Thoughts on MLB’s Summer Opening Day

Health, Schedule, Comebacks and Stadium Sound Production

Any observations about professional sports during this second surge of COVID should be prefaced by the fact that the health and safety of all involved is paramount. Some would say even bothering with professional sports is a mistake. I’m torn. As an MLB and NBA aficionado who understands the basics of science and public health, it does seem wise to keep everything on pause. On the other hand, we all need something to pull us through at the moment. While many athletes are understandably nervous about participating right now, many are desperate to get back on the field/court. I’ve gone through a healthy withdrawal from obsessive fandom, but now I’m ready to appreciate having the Red Sox in my ears as I walk the dogs and the Celtics playoff run to look forward to.

Since MLB’s Opening Summer Day appears to be happening and sixty games have been scheduled for each team, here are some thoughts.

1. Because the typical MLB regular season is 162 games, and fans think of their team’s performance based on wins over 162 games, each team should start with a 51–51 record, in order to have the standings make any sense at the end of September.

2. Due to the Canadian government nixing the Toronto Blue Jays bid to play at the Rogers Center and quarantine all summer in a hotel nearby, the Toronto Blue Jays will likely be headed for Buffalo. Welcome to the Buffalo Blue Jays in 2020.

3. Tampa and Miami should play their games in AAA parks in the Northeast since southern Florida is virus-central and their division opponents play in the Northeast anyway. This would cut down on travel and exposure.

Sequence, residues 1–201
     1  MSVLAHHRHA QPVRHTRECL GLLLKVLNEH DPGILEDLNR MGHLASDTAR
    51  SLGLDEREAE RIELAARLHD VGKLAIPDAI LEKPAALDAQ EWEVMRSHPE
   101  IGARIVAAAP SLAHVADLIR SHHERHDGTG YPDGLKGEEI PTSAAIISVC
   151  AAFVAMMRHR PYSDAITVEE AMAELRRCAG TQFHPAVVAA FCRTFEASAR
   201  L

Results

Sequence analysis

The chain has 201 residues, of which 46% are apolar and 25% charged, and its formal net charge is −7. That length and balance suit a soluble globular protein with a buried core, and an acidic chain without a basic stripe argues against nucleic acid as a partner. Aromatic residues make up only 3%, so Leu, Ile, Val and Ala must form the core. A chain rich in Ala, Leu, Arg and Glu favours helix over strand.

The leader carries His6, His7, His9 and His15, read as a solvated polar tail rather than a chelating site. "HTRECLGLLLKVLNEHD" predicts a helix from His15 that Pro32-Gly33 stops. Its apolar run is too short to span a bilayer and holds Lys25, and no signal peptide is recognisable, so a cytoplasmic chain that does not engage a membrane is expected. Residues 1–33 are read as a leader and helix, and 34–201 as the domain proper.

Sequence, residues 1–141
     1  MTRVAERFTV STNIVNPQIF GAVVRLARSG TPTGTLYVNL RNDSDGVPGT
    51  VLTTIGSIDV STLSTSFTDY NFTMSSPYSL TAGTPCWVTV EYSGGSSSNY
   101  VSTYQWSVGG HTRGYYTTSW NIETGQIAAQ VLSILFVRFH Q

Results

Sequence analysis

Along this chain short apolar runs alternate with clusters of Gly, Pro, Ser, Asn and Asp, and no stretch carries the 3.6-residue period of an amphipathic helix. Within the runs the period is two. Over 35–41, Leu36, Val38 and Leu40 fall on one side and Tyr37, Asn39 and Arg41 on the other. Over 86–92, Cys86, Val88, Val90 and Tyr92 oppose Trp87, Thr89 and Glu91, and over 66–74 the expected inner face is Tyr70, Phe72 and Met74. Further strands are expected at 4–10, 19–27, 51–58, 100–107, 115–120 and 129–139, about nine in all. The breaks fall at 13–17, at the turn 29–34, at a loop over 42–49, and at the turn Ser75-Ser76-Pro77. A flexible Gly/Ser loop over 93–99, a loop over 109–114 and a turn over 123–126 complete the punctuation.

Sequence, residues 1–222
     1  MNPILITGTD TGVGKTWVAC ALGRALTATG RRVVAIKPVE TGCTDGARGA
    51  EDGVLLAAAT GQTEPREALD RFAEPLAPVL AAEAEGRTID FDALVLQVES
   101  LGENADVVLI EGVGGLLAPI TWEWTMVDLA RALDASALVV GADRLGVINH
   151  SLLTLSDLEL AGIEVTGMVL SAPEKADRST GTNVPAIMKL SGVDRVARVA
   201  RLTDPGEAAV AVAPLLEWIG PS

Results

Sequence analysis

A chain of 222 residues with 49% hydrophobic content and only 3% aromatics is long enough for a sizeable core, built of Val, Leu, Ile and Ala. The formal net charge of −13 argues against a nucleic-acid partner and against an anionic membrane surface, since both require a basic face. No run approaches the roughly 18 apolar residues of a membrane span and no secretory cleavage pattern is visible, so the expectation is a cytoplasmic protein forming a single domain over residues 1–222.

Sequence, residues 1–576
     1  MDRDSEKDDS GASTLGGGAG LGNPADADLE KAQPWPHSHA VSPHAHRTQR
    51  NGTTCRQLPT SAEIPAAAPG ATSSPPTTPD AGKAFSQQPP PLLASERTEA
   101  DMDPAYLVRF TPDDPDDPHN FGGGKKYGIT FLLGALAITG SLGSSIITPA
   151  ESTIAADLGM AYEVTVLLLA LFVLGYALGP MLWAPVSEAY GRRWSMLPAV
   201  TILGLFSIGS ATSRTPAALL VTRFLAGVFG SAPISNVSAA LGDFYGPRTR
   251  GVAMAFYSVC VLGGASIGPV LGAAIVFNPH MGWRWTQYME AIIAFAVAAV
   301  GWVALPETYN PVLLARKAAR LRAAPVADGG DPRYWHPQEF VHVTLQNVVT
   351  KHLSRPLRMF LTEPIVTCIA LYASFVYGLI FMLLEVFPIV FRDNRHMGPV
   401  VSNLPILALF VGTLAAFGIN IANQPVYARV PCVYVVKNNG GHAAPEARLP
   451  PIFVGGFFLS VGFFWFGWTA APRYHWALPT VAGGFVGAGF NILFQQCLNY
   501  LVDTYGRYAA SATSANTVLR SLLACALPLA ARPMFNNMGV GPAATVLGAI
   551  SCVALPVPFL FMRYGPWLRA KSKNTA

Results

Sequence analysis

4. I still can’t fully imagine the season progressing as planned, but if October baseball happens, perhaps unsuspecting teams like the Reds or the White Sox will find themselves in the #MLBSurvivorWorldSeries

5. The Black Lives Matter movement is not going away and its great to see the Cleveland baseball club showing solidarity. In their exhibition game at Pittsburgh on Saturday, they stood united with an arm over each other’s shoulder. Francisco Lindor is a great leader and manager Terry Francona is the right manager for a club looking to spread unity.

6. Daniel Bard is returning to the majors for the first time since 2013. Bard was a triple-digit-fastball-throwing reliever in Boston from 2009–2013. Bard’s 2010 season was especially nasty. Unfortunately, he fell victim to the yips abyss. Controlling a 99 mph fastball can become a mental puzzle. Since 2013, Bard has attempted comebacks with the Rangers, Cardinals and Mets. Now 35, he recently worked as a player mentor with the Arizona Diamondbacks, before other pitchers he worked with suggested he give it one more go. The Colorado Rockies offered him a minor-league deal and an invitation to camp in February. After making the 30-man roster, Bard is slated to pitch out of the bullpen again, this time at Coors Field.

7. Recent reports indicate that crowd noise from MLB the Show (taken from real crowd noise over the last several seasons) will be piped into MLB stadiums during games. ESPN reports:

Taking a cue from two European soccer leagues, Major League Baseball will play crowd noise from its official video game through ballpark sound systems during games. Stadium sound engineers will have access to around 75 different effects and reactions, according to MLB, which has provided teams with crowd sounds captured from MLB The Show.

Personally, I would love for the inappropriate button to be used. Of the 75 different effects of crowd noise, the artificial soundtrack will be probably take a few weeks to sound close to natural. The sound programmers have their work cut-out. It’d be nice if they stuck to the typical noise-and-reaction levels appropriate for each park. For example, Tampa and Baltimore don’t need a sound engineer at all.

It also makes me wonder how the players feel about this. Sure, they’ve been playing baseball with ambient crowd noise of varying intensity over their careers. I’m sure the younger players are more impacted than the veterans. As a viewer who often mutes obnoxious announces and doesn’t get any rise out of the arena/stadium sound enhancement that’s been happening over the last 20 years, I’m suspicious. Baseball is such a slow-paced game. There’s a languid, almost zen-quality to the sounds of baseball that is underappreciated. Bat on ball. Ball against leather. We’ll see…and hear.

Writing. Poetry. Personal Essays. On the NBA, MLB, media, journalism, culture, teaching and humor.

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